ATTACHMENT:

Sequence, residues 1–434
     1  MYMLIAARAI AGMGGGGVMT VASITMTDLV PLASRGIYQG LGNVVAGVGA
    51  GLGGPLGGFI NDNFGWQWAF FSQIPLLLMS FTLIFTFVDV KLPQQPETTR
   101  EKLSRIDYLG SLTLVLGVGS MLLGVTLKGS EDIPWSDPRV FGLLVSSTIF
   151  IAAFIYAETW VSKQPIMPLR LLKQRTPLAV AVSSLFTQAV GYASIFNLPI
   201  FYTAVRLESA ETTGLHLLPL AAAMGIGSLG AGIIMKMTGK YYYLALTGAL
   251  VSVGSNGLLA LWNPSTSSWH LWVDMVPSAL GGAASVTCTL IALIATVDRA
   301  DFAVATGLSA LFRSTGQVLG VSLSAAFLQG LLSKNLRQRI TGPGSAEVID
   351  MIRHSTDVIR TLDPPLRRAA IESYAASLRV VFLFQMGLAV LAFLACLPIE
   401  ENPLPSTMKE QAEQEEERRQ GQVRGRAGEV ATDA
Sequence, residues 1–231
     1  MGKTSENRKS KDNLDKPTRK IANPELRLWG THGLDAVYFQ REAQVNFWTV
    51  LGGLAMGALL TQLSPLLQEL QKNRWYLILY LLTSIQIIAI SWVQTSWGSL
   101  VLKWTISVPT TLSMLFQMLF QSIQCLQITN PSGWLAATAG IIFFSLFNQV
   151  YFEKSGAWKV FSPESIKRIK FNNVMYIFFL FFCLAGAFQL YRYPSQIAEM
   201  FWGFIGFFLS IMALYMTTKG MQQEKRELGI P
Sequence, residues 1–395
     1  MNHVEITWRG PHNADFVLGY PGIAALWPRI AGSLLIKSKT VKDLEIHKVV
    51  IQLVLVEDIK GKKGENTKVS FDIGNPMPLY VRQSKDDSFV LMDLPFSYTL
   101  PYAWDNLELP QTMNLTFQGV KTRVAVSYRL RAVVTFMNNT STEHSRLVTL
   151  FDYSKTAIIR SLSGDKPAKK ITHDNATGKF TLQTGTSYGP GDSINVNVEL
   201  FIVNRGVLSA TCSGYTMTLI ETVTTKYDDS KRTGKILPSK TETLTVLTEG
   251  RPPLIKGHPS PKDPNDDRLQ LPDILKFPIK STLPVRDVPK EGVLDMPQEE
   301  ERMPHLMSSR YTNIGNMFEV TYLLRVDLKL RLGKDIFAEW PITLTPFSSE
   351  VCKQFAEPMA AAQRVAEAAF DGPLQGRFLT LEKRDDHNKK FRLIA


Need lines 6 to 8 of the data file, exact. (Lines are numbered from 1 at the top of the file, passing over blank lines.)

   201  FYTAVRLESA ETTGLHLLPL AAAMGIGSLG AGIIMKMTGK YYYLALTGAL
   251  VSVGSNGLLA LWNPSTSSWH LWVDMVPSAL GGAASVTCTL IALIATVDRA
   301  DFAVATGLSA LFRSTGQVLG VSLSAAFLQG LLSKNLRQRI TGPGSAEVID